Word to the Wise: Advice for Incoming MBA Students (Part 2)

Incoming Student Series

Are you anxiously awaiting the beginning of classes in September? To connect you with sage advice from recent graduates, we bring you this last and final instalment of words of wisdom from students who were in your shoes not too long ago…

Jeff Austin (MBA June ’13)

Katerina Nikitenko (MBA Oct ’13)

Teehij Kaul (MBA June ’14)

Victoria Dawson (MBA June ’13)

[typography font=”Lobster” size=”24″ size_format=”px” color=”#7d147d”]Classes start in less than two weeks! What are can’t-miss items to attend to for this last stretch of summer?[/typography]

Teehij: If you do all of this, you will be all set!
a) Attend an ACP session, Flying Start, and GBC socials
b) Network, network, network with current students, alum, other incoming students, current work supervisor/mentor (keeping them updated about your activities for the next couple of months)
c) Confirm your housing (and figure out your finances)
d) Follow your Graduate Business Council (GBC) on Facebook and other social media platforms
e) Read and bookmark @theMarketplace (GradBlog)
f) Plan your textbook purchases – check out the York U Bookstore and the GBC textbook exchange
g) Plan a trip or spend quality time with family/friends etc
h) New to Canada Orientation for international students
i) Meet up with new students in your cohort/section
j) Get on LinkedIn! Once school starts, you won’t have the time to start creating your profile

Victoria: Get OUTSIDE as much as possible. Once classes settle in and the weather starts cooling off, you’ll wish you had! As an incoming student, go to at least a few of the pre-info-session sessions hosted by the CDC (e.g., Resume & Cover Letter Workshop, Dressing to Impress). Heading into recruiting season, these are a must, and will give you a good idea of what to expect in your graduating year. I, myself, was COMPLETLEY unprepared for how intense those first few weeks of classes and recruiting were.

[typography font=”Lobster” size=”24″ size_format=”px” color=”#7d147d”]What was your hands-down, favourite, most enriching elective course and why?[/typography]

Katerina: Managing Globally: Past Present and Future (SGMT 6720 3.00, with 2013 Seymour Schulich Teaching Excellence Award winner Matthias Kipping). This is a course on the history of business, something you won’t study on your own. Business history is tied to general history and how they affected each other. “Those who don’t know the past cannot own the future.”

Victoria: Business Administration and the Law (MGMT 6200 3.00 with Peter MacDonald). It was the most enriching course I took. It was also the most difficult, but learning the basics of business law, including business partnerships, liability, and patents, should be mandatory for all B-School students!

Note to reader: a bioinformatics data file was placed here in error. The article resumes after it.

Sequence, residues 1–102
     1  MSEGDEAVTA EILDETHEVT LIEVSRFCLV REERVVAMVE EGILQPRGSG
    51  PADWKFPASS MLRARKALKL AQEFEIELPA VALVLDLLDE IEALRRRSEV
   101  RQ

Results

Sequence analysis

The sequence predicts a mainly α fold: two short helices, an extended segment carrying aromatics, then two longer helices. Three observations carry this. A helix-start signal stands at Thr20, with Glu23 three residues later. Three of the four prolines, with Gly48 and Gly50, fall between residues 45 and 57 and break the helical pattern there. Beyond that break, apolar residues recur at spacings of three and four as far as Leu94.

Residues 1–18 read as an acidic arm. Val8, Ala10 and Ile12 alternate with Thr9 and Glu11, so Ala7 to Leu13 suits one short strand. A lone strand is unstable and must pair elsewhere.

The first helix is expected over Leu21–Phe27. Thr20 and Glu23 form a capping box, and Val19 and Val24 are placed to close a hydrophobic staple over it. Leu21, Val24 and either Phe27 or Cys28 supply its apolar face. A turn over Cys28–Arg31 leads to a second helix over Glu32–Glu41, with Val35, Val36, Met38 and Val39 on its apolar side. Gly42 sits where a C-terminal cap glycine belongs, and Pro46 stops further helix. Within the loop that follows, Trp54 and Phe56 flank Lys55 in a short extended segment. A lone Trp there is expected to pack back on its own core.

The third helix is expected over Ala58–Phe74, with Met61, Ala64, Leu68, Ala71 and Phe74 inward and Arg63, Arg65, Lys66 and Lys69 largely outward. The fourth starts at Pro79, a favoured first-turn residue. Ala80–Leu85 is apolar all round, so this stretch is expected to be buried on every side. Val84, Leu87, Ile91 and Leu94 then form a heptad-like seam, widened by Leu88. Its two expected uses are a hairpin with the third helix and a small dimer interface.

Jeff: Intermediate Financial Accounting I (ACTG 6120 3.00 with various instructors). I took the course in the first semester of my Accelerated MBA. Since I had chosen to focus on finance, and had been out of university for 7 years, this course helped to refresh and bolster my knowledge of the vital corporate financial statements. This served me well in all my finance classes since using and decoding annual reports and financial statements is crucial to financial analysis.

[typography font=”Lobster” size=”24″ size_format=”px” color=”#7d147d”]If I could go back  I wish I had known…[/typography]

Katerina: Best group/board decisions are NOT the ones that are accepted by the majority of votes. Skype meetings and GoogleDocs are not substitutes for real meetings. If you don’t know or if you are not feeling confident about your piece of work, let others know (in group work). Be up front. (Also, I wish I knew what a case interview was before coming into the MBA.)

Jeff: If I could offer an important piece of advice to Accelerated MBA students it would be to spend the summer before school starts preparing for the busy recruiting month of September. This means updating and revising your resume for your career of choice, creating a cover letter template, practicing for interviews, and meeting with career advisors at the CDC. In September you need to be prepared to balance the heavy school workload, attending employer information sessions, applying for jobs, and preparing for interviews.

For a complete guide to case interviews, visit the CDC website and explore the Student Career Portal (Job Searching Tools > Interviewing > Case Interviews).

See our blog post on how to make the most of September Career Month to help guide your preparations.

2013-08-28T09:00:23+00:00 August 28th, 2013|Categories: Community|Tags: , , , , , , , , , |

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